Re: Bleaching - HP/Lab Collaborations - Analog/Digital Hybrid Projects

From: Robert Schaller (email suppressed)
Date: Sun Jun 07 2009 - 14:59:30 PDT

Ken, so the lab just printed from negative onto 7363, then gave the
unprocessed rolls to you, right? Which means that if you processed it in a
single developer, it would be positive. Like you describe, and
straightforwardly so!

On 6/7/09 12:28 PM, "Ken Paul Rosenthal" <email suppressed>

> Friends,
> Though my experience with (household) bleaching is limited, I've used a 50/50
> mixture of vinegar and water to neutralize the bleach, followed by a third
> bath of water to remove any residue vinegar/odor.
> Regarding home processing with hi-con b/w film and developers, I experienced
> great success in a collaboration with San Francisco-based Monaco Lab when
> working on my (yet to be fully realized) film, 'Flow'. --
> Introduced to hi-con 7363 on Phil Hoffman's Independent Filmmaking Retreat up
> in Canada, I intended to use it as a camera stock for 'Flow'. But given the
> irregularities of hand processing, I feared losing an entire week's shoot, and
> thousands of dollars. So I shot Plus-X b/w negative, which gave me more
> latitude to capture the details of the frothy surf which the off shore winter
> storms kicked up. Furthermore, I could make work prints, from which to chose
> my selects.
> I was not recording sound sync, so I made an A-roll negative from my selects,
> had it timed, then PRINTED (NOT processed) by the lab onto my hi-con 7363
> stock. The lab returned the exposed (but UNPROCESSED) 7363 to me in sealed
> cans, which I hand processed as either a positive or a negative, according to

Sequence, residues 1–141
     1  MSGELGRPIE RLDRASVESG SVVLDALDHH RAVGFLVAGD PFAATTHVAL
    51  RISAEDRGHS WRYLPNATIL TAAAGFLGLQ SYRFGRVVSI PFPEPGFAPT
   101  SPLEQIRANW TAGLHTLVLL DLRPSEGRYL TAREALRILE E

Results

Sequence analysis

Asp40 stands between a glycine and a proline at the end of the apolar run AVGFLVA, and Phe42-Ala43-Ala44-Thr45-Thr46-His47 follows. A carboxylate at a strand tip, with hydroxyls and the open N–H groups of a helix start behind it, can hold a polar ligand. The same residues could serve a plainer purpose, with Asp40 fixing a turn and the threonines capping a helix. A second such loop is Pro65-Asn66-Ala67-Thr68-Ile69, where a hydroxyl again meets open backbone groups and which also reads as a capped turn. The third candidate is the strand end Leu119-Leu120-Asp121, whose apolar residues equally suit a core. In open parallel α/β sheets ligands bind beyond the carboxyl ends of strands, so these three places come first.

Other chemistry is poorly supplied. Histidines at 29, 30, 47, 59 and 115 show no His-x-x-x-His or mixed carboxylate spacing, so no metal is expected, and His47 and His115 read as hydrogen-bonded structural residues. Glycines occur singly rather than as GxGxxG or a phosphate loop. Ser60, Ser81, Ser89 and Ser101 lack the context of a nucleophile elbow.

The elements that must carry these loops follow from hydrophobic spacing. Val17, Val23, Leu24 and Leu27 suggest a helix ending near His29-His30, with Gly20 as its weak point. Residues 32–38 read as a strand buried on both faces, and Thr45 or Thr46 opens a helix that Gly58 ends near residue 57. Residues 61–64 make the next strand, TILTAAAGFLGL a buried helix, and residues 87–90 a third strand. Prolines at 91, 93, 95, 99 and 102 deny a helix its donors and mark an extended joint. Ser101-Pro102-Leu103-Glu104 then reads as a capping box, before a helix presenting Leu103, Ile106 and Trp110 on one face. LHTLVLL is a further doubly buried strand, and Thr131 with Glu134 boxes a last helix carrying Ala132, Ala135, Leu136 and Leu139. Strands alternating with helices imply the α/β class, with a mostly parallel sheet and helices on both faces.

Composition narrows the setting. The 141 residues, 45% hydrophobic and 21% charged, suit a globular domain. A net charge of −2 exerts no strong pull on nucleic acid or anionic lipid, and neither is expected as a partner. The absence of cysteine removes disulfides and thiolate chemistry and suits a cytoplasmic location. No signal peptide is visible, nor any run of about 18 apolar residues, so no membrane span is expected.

> my wishes. If I didn't like the way my processing turned out, I simply had the
> lab print my selects again. The entire operations was quite smooth, and much
> cheaper than if the lab had processed my footage themselves.
> Here's the bizarre part--which I've never fully been able to wrap my head
> around--especially now some five years later: when I followed normal negative
> development (first developer/wash/fix/wash), I was getting a positive image!
> And when I processed using reversal development, I was getting a negative
> image! I believe this is why:
> 1) My camera original leaved a latent negative image on the Plus-X negative
> stock.2) The lab processed and exposed the negative onto my 7363 stock.3)
> When I hand processed the 7363, the first developer reverses the exposed image
> to a positive image. If I were to continue the processing and re-develop the
> image, it would reverse again and become a negative. Therefore...4)
> ...negative development yielded a positive image and reversal development
> yielded a negative.
> Phew! Robert Schaller and I tried to make sense of it back then and we could
> only speculate. Anyway, the results were super contrasty. And I used D-19.
> Someday, when I complete the film, it will look like the color test frames on
> the 'Flow' web page.
> Lastly, I'd like to suggest a (possibly) great new thread of stories from
> enterprising folks who have enjoyed similar, non-traditional collaborations
> with labs. And/or experiences with hybrid processes between analog and digital
> techniques.
> Ken
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> For info on FrameWorks, contact Pip Chodorov at <email suppressed>.

For info on FrameWorks, contact Pip Chodorov at <email suppressed>.